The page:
Gender dynamics is no longer binary. Gender-neutral parental leave laws and employer policies are important for protecting the rights and supporting the success of LGBT parents including those who adopt. Considerations of LGBT equality were not part of the calculus when our policies were implemented more than 15 years ago, but they are important now.

Sociologists study leave policies and their effect on organizations. Sara Mitchell has compiled a listing of faculty parental leave policies. Erin Cech and Mary Blair-Loy have studied "flexibility stigma" among academic scientists and engineers, which they define as the devaluation of workers who seek or are presumed to need flexible work arrangements.They note that the stigma applies to men and women, and that all suffer the consequences. Avoidance of this stigma is one of the reasons many universities have adopted gender-neutral parental leave laws. On the other hand, some have argued that policies favoring women are necessary because men will use parental leave to further their research careers instead of for childcare. Researchers Jennifer Lundquist, Joya Misra and KerryAnn O'Meara find otherwise. They provide excellent guidance in a recent article in Inside Higher Ed and emphasize the need to destigmatize leave-taking as mommy's work. They provide excellent summary advice for any, like me, who are looking at their university parental leave policies:

"Cultural change recognizing the need for ... work-family balance policies is crucial. Faculty members should be made aware of and encouraged to use available work-life policies in order to promote a culture of use. Strong support from the administration in favor of balanced lives has important multiplying effects on campuses. Departmental chairs can set cultural standards by holding important meetings during school hours and scheduling teaching slots during school hours for parents of children. Part of changing the culture is also publicizing best practices. Administrators should publicly recognize departments with a good track record of benefit usage and supports." -- Lundquist, Misra and O'Meara.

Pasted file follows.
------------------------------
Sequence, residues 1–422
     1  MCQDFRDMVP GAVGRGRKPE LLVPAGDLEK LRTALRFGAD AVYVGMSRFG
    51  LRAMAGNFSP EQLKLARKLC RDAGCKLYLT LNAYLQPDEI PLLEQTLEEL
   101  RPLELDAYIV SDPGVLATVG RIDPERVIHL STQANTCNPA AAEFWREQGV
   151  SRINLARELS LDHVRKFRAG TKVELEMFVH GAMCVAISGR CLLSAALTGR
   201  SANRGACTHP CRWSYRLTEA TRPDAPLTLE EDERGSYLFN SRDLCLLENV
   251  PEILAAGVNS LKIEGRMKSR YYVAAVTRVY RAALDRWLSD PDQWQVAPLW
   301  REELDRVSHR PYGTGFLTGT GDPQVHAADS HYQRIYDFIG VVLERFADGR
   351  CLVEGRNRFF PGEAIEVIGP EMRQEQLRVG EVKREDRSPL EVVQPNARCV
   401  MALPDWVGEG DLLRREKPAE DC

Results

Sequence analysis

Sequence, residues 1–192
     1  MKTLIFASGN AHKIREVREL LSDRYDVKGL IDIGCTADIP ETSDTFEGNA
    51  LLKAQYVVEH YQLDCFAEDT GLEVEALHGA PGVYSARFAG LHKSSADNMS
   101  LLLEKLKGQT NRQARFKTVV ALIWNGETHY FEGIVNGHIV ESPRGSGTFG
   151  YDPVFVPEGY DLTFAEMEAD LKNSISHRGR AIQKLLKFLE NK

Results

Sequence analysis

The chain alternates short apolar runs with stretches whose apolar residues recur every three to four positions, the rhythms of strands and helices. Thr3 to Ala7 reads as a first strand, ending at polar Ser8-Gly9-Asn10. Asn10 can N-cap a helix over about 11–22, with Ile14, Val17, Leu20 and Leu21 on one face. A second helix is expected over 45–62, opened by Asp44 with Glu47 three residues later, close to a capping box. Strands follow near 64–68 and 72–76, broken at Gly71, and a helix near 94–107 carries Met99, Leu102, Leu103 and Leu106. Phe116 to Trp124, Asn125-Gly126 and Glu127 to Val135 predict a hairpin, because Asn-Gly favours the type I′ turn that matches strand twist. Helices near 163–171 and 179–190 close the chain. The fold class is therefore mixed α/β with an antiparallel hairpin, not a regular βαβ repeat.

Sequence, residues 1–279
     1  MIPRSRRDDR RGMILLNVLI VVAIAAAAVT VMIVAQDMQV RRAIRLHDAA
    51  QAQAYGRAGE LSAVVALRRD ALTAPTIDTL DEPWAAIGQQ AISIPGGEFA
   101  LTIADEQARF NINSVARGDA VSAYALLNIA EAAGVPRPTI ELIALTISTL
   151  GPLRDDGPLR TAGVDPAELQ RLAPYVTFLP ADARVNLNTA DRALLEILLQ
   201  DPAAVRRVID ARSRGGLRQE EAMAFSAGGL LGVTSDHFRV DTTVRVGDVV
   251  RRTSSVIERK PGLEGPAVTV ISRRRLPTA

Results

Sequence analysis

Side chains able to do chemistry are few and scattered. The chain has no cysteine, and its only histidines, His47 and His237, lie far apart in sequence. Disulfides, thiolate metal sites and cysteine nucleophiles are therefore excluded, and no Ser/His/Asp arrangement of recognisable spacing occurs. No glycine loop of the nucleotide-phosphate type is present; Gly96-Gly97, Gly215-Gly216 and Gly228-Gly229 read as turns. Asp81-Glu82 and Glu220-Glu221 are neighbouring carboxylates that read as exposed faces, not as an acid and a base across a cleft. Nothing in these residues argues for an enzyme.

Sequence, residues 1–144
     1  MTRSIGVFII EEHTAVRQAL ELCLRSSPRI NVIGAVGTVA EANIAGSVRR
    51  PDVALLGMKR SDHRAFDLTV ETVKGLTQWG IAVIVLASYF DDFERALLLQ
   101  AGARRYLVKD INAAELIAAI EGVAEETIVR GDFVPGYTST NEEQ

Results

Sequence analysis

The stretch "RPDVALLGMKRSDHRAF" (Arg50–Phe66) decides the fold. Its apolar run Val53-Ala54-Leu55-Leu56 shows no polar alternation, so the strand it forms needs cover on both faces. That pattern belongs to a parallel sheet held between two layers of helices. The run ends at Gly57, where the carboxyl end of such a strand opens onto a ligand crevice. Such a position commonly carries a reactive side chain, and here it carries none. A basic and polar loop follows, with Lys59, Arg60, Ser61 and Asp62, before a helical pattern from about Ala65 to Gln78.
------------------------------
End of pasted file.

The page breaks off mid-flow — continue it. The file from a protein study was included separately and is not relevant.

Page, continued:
Returning to the questions I posed at the outset, we have few answers. We know that stigmatization is associated with social class and identity, and that parental leave policies reduce stress of those using the policies, at least the stress around parenting. (Eldercare and other family and medical needs also cause stress and loss of productivity, and are not always given as much attention as childbirth and childcare.) I have not seen a study showing the effectiveness of leave policies in terms of recruitment, retention and advancement of employees. Perhaps an informed reader will help!